Prescription Drugs Found In Large Concentrations In Water Near Manufacturing Plants NPR's Ari Shapiro talks with Natasha Gilbert of Type Investigations about how prescription drugs are showing up in large concentrations of waste water just downstream of pharmaceutical plants.
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Prescription Drugs Found In Large Concentrations In Water Near Manufacturing Plants

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Prescription Drugs Found In Large Concentrations In Water Near Manufacturing Plants

Prescription Drugs Found In Large Concentrations In Water Near Manufacturing Plants

Prescription Drugs Found In Large Concentrations In Water Near Manufacturing Plants

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NPR's Ari Shapiro talks with Natasha Gilbert of Type Investigations about how prescription drugs are showing up in large concentrations of waste water just downstream of pharmaceutical plants.

ARI SHAPIRO, HOST:

We're often told not to flush medicine down the toilet because it can work its way into lakes and streams, even our drinking water. Well, a new investigation finds that major drugmakers are basically doing the same thing on a much larger scale.

Reporter Natasha Gilbert of Type Investigations reports that prescription drugs are showing up in large concentrations of wastewater just downstream of these plants. Her story appears today on the website of Stat news, and she's here in the studio to tell us more.

Hi, Natasha.

NATASHA GILBERT: Hi.

SHAPIRO: So what did your investigation find?

GILBERT: We were looking at some work by the USGS.

SHAPIRO: The U.S. Geological Survey.

GILBERT: That's right. And they tested wastewater downstream from several pharmaceutical manufacturing facilities around the country. And they found high concentrations of drugs in the wastewater coming out from wastewater treatment plants.

SHAPIRO: Everything from opioid painkillers to anti-depressants.

GILBERT: Right.

SHAPIRO: How did the drugs get there? You talked to people who worked in these plants who actually described it to you.

GILBERT: Yeah. What happens is when drug manufacturers make pharmaceuticals, there's lots of powder. It goes up into the air when they press them into tablets. It's - there's a lot of drug residue. This gets onto the machines. And when they wash it off, all the drugs in the wastewater go down the drain and straight to the wastewater treatment facilities, where they go in one end and, basically, pretty much out the other because wastewater treatment plants are not designed to remove pharmaceuticals.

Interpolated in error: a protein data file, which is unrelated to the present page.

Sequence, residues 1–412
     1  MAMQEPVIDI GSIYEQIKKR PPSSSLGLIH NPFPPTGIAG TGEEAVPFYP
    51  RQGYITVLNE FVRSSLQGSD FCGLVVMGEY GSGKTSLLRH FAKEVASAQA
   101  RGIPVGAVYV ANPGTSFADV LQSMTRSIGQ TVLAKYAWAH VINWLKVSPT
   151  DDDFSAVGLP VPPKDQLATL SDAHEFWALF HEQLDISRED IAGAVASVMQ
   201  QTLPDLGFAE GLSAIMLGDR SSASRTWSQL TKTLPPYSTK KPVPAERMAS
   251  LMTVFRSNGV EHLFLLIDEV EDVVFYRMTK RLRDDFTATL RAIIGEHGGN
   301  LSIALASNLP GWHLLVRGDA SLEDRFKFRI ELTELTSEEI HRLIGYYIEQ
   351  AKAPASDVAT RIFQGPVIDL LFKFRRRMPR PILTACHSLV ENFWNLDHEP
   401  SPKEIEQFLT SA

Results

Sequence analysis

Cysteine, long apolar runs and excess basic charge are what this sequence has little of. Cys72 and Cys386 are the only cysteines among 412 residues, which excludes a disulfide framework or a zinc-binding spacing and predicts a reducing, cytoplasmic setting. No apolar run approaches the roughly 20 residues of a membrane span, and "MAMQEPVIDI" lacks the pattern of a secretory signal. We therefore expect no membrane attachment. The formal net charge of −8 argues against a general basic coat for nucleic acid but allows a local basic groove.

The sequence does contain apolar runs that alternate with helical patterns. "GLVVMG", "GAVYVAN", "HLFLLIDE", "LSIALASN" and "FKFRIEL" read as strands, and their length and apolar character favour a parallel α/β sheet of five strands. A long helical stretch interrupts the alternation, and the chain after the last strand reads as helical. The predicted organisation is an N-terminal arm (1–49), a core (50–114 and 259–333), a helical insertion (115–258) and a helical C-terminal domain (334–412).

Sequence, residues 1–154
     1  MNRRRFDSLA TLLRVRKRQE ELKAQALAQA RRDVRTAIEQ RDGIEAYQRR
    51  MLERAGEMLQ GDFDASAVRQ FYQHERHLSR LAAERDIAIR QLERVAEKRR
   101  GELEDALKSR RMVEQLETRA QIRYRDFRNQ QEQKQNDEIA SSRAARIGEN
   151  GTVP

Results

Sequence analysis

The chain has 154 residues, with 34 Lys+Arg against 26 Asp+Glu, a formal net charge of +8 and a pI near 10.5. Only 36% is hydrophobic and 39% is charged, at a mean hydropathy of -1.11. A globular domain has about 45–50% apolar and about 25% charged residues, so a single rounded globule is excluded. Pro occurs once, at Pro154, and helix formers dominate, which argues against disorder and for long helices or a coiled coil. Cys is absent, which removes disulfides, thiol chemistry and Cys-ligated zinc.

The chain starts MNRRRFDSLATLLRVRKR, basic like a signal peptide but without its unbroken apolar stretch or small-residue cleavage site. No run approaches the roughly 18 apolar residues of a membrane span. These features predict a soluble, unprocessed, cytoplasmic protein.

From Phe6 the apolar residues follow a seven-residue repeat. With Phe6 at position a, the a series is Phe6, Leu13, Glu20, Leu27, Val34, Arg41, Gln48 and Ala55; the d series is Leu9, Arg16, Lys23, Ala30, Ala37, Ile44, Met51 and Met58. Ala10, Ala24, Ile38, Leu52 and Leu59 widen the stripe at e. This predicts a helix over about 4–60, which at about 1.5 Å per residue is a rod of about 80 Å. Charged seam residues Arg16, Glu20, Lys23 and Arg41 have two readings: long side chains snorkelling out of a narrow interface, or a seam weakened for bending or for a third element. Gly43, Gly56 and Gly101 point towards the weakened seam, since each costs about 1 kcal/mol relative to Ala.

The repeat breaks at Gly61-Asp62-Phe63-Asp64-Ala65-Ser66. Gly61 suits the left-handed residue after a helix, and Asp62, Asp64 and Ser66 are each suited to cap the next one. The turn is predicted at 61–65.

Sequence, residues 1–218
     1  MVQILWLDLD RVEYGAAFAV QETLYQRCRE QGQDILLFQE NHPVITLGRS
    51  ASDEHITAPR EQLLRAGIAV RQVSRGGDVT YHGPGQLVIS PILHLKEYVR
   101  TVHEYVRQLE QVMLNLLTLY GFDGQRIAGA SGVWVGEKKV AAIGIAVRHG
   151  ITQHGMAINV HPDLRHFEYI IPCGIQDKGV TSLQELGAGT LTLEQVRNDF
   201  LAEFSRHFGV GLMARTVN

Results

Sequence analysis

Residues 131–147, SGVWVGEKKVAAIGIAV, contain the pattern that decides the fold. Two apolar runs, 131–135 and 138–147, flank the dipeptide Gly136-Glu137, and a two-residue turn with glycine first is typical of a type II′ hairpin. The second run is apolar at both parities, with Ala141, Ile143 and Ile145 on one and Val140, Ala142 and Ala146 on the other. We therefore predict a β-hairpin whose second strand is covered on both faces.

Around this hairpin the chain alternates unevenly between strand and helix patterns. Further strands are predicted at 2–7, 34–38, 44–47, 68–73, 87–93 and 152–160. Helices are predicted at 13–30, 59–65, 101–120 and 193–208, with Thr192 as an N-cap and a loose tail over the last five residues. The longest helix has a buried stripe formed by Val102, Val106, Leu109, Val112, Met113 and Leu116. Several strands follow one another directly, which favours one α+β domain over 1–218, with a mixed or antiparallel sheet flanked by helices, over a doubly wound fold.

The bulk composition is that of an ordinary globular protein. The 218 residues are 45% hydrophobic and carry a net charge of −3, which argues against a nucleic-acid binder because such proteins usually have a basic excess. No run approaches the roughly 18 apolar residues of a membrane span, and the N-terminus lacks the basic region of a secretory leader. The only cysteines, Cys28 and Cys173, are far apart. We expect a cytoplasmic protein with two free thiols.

SHAPIRO: When you say these drugs were detected downstream, how high of a concentration are we talking about?

GILBERT: So in some cases, a thousand times higher than the safe levels for wildlife. And if you compare that to these drug levels in wastewater that does not receive pharmaceutical manufacturing waste, it can be up to a hundred times higher.

SHAPIRO: And what's the impact of this on plants, animals, humans?

GILBERT: So there isn't really impact on humans. We do know from previous work that there is drugs in drinking water, but they're at very, very low concentrations. They won't hurt people. The real impact here is on animals and wildlife. Some drugs, like anti-depressants - they affect the way that fish protect their nests. These are sort of key survival behaviors, so the young end up getting, you know, eaten by predators.

SHAPIRO: What do the drugmakers say about your investigation?

GILBERT: Some of them didn't comment. Some of them said that they didn't think - it wasn't them, and they pointed to hospitals that are also in the area. They suggested those hospitals could be responsible for these drug levels. It is true that hospitals do contribute to drug pollution. But experts that we spoke to say that generally, drug concentrations coming from pharmaceutical manufacturers are higher.

SHAPIRO: And the surveys found high concentrations of the specific drugs that were manufactured in those plants.

GILBERT: They did. What our investigation did was to identify which companies were likely responsible and to pin down which were the drugs that were made at those pharmaceutical manufacturing facilities.

SHAPIRO: Is this illegal?

GILBERT: It's not illegal. Officially, they're not doing anything wrong. But you could argue that this is something new that needs to be looked at, given the impacts that it could be having on wildlife.

SHAPIRO: Natasha Gilbert, thanks a lot.

GILBERT: Thank you.

SHAPIRO: She's a reporter for Type Investigations, and her story appears online at Stat news.

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